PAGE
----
• Offered by ANU College of Law
  • ANU College ANU College of Law
  • Course subject Laws
  • Areas of interest Classics and Ancient History , Law
  • Academic career UGRD
  • Course convener
    • Dr Sonia Pertsinidis
  • Mode of delivery Online or In Person
  • Co-taught Course
  • Offered in Second Semester 2022
    See Future Offerings

This course revives the study of the ancient art of persuasion (or rhetoric) for the twenty-first century, educating students in the skills necessary to become more persuasive communicators in a range of contexts, including legal. Beginning with a study of the fundamental elements of ancient rhetoric as set out by Aristotle, Cicero and Quintilian, we will examine some of the most famous examples of persuasive speech from the ancient world, including the appeal to Achilles in Homer’s Iliad, Socrates' Apology, and the speeches of Cicero. We will then apply our knowledge of rhetorical style to an analysis of famous examples of persuasive discourse and writing from the modern era, such as Martin Luther King Jr's "Letter from Birmingham Jail", John F. Kennedy's "Inaugural Address" and the speeches of Winston Churchill, Sir Robert Menzies and Paul Keating. The course will examine the role of persuasion in modern politics, law, advertising and marketing and there will be opportunities for students to practise their skills in persuasive writing and discourse. Students will have opportunities to analyse the rhetorical techniques deployed in legal judgments and guest lecturers will specifically address the art of persuasion in the legal context, particularly with respect to advocacy in court.

Learning Outcomes

Upon successful completion, students will have the knowledge and skills to:

  1. formulate structured, persuasive, clear and fluent forms of spoken discourse in general, and legal discourse in particular;
  2. construct and recognize logical, reasoned legal arguments in written discourse;
  3. critically analyse different methods of persuasion, including media, advertising, political and legal discourse;
  4. apply a high level of precision and style in oral and written legal communication and reflect on its effectiveness in different contexts;
  5. evaluate the role of rhetoric in ancient Greece and Rome and the influence of ancient rhetoric on modern discourse.

Other Information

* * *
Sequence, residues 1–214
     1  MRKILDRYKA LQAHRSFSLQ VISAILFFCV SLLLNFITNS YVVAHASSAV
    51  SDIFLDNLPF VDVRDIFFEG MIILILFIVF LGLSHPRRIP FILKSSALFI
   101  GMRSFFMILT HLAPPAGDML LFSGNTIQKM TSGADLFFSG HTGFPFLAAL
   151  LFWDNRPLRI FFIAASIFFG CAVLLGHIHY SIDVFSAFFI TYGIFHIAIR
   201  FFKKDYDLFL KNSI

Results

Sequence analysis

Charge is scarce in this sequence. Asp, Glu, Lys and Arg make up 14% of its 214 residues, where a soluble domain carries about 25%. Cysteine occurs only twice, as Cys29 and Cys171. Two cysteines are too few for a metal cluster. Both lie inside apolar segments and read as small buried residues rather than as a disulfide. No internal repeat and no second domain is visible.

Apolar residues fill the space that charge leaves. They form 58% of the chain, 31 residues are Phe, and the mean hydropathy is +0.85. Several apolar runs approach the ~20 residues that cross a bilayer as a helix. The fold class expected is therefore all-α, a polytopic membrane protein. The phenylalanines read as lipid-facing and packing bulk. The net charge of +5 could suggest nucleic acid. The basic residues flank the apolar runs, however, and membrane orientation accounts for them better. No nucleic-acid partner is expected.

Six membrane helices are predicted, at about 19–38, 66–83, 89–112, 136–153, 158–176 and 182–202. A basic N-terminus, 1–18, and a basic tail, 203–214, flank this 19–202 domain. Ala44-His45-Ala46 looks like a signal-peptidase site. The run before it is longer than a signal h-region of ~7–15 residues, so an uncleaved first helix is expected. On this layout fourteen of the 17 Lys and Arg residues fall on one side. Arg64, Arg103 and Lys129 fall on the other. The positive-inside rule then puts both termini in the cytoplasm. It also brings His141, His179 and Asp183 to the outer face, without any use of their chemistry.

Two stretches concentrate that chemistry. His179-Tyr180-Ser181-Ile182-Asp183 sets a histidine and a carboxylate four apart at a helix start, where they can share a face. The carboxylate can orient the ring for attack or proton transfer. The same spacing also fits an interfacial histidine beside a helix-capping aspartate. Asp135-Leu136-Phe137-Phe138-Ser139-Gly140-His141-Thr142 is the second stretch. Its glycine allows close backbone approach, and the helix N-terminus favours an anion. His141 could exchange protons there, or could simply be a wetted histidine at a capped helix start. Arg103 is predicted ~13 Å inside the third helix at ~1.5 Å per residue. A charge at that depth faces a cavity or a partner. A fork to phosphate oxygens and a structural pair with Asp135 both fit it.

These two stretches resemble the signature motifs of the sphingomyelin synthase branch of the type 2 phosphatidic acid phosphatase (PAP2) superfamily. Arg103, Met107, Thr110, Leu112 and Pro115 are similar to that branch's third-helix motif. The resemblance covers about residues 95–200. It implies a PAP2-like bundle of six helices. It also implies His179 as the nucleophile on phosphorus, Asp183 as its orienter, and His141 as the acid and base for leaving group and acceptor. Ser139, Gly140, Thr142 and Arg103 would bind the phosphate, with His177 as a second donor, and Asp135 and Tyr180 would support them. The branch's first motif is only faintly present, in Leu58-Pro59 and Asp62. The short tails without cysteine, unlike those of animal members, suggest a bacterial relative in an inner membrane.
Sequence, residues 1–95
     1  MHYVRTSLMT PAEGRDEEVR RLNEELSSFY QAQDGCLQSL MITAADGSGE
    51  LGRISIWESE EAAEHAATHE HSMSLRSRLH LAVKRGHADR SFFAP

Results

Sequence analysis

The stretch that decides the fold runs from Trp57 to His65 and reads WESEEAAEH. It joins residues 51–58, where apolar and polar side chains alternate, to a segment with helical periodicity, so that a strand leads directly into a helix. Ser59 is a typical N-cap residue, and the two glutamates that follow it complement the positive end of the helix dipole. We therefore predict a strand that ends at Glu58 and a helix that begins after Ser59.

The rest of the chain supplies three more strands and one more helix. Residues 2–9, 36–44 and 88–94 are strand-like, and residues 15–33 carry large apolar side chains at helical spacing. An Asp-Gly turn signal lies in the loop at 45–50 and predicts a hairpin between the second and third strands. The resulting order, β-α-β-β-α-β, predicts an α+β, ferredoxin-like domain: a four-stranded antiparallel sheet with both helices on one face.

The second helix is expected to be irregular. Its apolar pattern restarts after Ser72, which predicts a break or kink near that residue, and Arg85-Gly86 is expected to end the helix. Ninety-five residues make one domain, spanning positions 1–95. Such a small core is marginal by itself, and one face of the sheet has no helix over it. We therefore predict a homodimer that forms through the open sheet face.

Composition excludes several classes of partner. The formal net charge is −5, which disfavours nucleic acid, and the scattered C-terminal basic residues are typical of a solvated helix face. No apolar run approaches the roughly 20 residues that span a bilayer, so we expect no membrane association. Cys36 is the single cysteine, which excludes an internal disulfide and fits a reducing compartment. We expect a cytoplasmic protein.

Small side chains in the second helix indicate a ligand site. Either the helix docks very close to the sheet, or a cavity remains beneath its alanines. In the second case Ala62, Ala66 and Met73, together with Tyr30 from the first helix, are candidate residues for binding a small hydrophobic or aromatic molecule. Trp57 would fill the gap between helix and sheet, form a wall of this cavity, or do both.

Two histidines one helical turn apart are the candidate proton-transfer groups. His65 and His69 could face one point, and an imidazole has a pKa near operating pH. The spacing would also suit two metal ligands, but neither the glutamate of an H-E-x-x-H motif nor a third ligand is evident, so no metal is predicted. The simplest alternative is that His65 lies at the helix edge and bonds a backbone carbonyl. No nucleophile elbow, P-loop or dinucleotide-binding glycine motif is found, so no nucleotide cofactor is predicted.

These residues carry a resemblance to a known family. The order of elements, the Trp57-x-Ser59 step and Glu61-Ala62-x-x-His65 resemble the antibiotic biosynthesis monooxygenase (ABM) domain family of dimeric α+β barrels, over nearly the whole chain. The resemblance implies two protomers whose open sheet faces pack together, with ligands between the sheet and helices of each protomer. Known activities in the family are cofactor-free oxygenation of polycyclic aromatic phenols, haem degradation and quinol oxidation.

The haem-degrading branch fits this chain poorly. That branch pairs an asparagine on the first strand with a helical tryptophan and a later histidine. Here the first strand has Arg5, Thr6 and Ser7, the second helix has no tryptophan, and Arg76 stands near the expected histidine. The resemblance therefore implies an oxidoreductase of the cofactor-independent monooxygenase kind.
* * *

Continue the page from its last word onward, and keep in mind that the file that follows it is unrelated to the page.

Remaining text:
Classes may be offered in non-standard sessions and be taught on an intensive basis with compulsory contact hours (a minimum of 36 hours). Please refer to the Law Course Search . Please contact the ANU College of Law Student Administration Services to request a permission code to enrol in classes offered in non-standard sessions.

Indicative Assessment

  1. First speech (15) [LO 1,2,4,5]
  2. Research essay (30) [LO 2,3,4,5]
  3. Second speech (25) [LO 1,2,4,5]
  4. Final Exam (30) [LO 2,3,4,5]

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Workload

Classes offered during semester periods are expected to have 3 contact hours per week (a minimum of 36 hours). Students are generally expected to devote at least 10 hours overall per week to this course.

Inherent Requirements

Not applicable

Requisite and Incompatibility

To enrol in this course you must be studying a: Bachelor of Laws (ALLB) and have completed or be completing five 1000 level LAWS courses; or Juris Doctor (MJD) and have completed or be completing five 1000 or 6100 level LAWS courses. You are not able to enrol in this course if you have previously completed CLAS3000 Rhetoric: The Art of Persuasion in the Ancient and Modern Worlds

Prescribed Texts

Students must rely on the approved Class Summary which will be posted to the Programs and Courses site approximately two weeks prior to the commencement of the course.

Fees

Tuition fees are for the academic year indicated at the top of the page.  

Commonwealth Support (CSP) Students
If you have been offered a Commonwealth supported place, your fees are set by the Australian Government for each course. At ANU 1 EFTSL is 48 units (normally 8 x 6-unit courses). More information about your student contribution amount for each course at Fees

Student Contribution Band:
34
Unit value:
6 units

If you are a domestic graduate coursework student with a Domestic Tuition Fee (DTF) place or international student you will be required to pay course tuition fees (see below). Course tuition fees are indexed annually. Further information for domestic and international students about tuition and other fees can be found at Fees.

Where there is a unit range displayed for this course, not all unit options below may be available.

Units EFTSL
6.00 0.12500
Note: Please note that fee information is for current year only.

Offerings, Dates and Class Summary Links

The list of offerings for future years is indicative only.
Class summaries, if available, can be accessed by clicking on the View link for the relevant class number.

Second Semester

Class number Class start date Last day to enrol Census date Class end date Mode Of Delivery Class Summary
7066 25 Jul 2022 01 Aug 2022 31 Aug 2022 28 Oct 2022 Online or In Person N/A

Responsible Officer: Registrar, Student Administration / Page Contact: Website Administrator / Frequently Asked Questions